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MFA Thesis Exhibition December

December 2 - 19, 2010
Tisch Gallery

This exhibition is the first in an ongoing series of MFA thesis exhibitions shown annually at the Tufts University Art Gallery as part of the joint graduate degree program of Tufts University and the School of the Museum of Fine Arts, Boston.

Public Opening Reception: Thursday, December 2, 5:30-8:00pm
Artists' Talks: Thursday, December 2, 5:00pm

About the artists:

Sofia Botero's project is a multi-channel sound installation in which people tell stories about being a child in the midst of war in Colombia during the 1980s. One recording leads to another, and each story combines to create a single narrative that fills the space. However, if you listen carefully and walk around, you discover further stories.

Meditation Above the Abyss is a mixed media installation piece designed to create a space upon which the viewer is invited to meditate upon the recent Deepwater Horizone oil spill in the Gulf of Mexico. The installation creates a darkened space within which sits a shallow pool of inky black fluid that viewers congregate around. The fluid itself moves and flows against gravity and logic as if it itself were alive. The space is filled with the sounds of underwater creatures and events, while strangely serene video clips of the wellhead itself spewing oil out into the environment are projected onto the center of the pool of oil.

John Guy Petrozzi present IN VIVO, a series of mural-scale watercolors that re-envision the bleeding edges of contemporary nature into provocative open narratives of environmental transformation. Rich menageries of life-sized animals are veraciously rendered on polypropylene, a plastic polymer ubiquitous in global technology, raising questions of life, loss, change, and intervention.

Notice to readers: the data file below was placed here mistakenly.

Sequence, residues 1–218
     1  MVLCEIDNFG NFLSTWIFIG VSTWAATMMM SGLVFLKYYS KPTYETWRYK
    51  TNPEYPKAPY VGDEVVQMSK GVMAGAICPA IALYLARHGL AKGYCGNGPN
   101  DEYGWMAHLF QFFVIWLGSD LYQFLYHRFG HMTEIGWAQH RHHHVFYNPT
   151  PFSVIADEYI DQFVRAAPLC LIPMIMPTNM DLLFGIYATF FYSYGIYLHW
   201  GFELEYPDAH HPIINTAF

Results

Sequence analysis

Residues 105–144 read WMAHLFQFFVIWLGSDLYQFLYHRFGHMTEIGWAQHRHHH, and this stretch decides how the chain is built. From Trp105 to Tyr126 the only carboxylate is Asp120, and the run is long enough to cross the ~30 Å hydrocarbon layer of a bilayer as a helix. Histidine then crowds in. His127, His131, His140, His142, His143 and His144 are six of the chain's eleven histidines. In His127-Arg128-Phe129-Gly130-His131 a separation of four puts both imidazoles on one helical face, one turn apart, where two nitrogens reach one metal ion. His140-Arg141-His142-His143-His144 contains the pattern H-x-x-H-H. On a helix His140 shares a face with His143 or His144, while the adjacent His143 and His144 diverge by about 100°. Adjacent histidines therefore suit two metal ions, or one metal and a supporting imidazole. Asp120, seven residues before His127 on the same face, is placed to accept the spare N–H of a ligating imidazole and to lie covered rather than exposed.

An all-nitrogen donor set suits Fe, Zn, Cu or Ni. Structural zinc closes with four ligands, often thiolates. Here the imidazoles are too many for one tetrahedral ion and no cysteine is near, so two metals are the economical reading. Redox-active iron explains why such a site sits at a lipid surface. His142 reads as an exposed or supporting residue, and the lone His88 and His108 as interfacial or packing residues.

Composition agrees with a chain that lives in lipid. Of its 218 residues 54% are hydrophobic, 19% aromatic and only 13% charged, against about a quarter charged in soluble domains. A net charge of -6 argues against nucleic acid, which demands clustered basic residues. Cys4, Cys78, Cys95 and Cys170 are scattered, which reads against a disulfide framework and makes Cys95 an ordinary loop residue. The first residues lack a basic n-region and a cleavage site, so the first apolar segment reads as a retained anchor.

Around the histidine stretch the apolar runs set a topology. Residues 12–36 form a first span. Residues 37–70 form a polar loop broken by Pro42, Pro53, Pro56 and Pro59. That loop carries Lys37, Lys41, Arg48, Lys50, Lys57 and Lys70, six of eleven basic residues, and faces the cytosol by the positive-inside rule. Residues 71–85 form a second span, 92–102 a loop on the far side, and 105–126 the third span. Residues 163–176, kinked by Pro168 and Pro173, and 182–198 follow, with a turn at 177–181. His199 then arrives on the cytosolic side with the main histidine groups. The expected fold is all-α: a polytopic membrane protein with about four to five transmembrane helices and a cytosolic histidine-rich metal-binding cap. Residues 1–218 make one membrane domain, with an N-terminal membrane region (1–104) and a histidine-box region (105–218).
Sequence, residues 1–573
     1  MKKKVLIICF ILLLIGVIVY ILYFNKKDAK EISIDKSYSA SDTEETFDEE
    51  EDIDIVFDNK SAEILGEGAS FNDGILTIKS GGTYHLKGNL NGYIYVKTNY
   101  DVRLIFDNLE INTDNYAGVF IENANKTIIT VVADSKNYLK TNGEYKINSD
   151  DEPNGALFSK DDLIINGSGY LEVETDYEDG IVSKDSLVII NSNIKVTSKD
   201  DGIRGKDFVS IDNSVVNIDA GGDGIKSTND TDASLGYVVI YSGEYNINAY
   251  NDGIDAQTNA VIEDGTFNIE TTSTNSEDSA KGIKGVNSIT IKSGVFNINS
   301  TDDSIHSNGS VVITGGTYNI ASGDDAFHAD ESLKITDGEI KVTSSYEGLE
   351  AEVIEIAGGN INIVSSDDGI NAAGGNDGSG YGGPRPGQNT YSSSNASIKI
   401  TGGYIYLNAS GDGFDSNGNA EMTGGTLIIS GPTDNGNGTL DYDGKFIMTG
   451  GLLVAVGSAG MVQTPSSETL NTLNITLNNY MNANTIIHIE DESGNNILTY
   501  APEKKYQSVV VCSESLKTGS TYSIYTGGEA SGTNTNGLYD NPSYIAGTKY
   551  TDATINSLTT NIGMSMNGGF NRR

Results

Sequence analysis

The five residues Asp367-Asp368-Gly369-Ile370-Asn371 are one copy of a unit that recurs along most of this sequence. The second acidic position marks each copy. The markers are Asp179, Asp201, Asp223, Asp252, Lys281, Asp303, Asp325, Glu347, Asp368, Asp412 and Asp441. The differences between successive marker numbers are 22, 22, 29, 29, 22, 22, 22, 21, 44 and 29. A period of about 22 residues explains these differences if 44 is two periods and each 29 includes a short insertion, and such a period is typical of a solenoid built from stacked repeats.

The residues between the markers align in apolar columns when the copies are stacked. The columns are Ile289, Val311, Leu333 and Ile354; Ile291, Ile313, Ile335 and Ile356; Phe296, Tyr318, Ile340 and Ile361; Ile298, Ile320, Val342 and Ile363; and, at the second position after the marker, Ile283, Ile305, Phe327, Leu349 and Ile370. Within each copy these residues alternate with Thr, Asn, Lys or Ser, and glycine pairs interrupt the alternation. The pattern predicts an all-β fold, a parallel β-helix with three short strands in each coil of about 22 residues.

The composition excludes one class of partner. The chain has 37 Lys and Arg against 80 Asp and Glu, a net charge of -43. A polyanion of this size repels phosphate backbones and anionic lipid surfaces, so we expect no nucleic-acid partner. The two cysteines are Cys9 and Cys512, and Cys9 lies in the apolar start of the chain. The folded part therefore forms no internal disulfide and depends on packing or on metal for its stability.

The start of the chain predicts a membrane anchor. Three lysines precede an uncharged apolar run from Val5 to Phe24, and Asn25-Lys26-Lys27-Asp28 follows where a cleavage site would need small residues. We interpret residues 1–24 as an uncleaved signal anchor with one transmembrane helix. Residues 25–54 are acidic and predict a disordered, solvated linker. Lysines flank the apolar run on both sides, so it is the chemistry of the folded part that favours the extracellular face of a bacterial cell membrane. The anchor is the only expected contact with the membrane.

Somewhere Between examines Love Canal, a contemporary ruin located near Niagara Falls, New York. Once a vibrant neighborhood, it has been vacated due to the toxic wastes that were dumped and buried under the land. Over the course of a year, the artist visited the site, documented the remnants and witnessed the ongoing dumping-cycle that ensues. A series of photographs and aquatints explore the loss and abandonment felt upon each visit.

Angela Lauren Speece is motivated by a quest to recover innate pictorial forms of childhood that are buried beneath the adult complexities of life. Her whimsical portraits originated in children's drawings but were rendered by the artist's (re) interpretive hand. Through a blind-collaborative process, Speece develops compositions that provoke contemplation and debate about authorship. Was it created by a child or an adult? Unification of the disparate stages of artistic expression forms a mobius of continuous exchange, visualized interchangeably, with no precise frontier that separates the extremes.